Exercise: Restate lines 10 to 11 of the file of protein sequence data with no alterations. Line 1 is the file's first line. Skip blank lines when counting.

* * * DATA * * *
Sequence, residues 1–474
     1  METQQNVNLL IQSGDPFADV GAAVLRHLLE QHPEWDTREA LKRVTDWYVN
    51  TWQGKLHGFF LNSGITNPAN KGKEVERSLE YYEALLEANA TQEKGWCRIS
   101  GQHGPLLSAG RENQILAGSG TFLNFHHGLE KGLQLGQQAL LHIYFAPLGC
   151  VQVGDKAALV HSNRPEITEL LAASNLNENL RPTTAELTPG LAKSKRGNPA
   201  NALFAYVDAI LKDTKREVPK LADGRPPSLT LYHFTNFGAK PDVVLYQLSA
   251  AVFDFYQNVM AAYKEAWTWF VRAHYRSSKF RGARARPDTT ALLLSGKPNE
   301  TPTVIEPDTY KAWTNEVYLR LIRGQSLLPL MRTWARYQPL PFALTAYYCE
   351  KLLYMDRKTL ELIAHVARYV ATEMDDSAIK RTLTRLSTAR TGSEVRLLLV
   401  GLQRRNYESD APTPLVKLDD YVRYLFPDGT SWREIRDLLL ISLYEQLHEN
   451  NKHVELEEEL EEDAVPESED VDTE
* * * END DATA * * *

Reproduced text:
   401  GLQRRNYESD APTPLVKLDD YVRYLFPDGT SWREIRDLLL ISLYEQLHEN
   451  NKHVELEEEL EEDAVPESED VDTE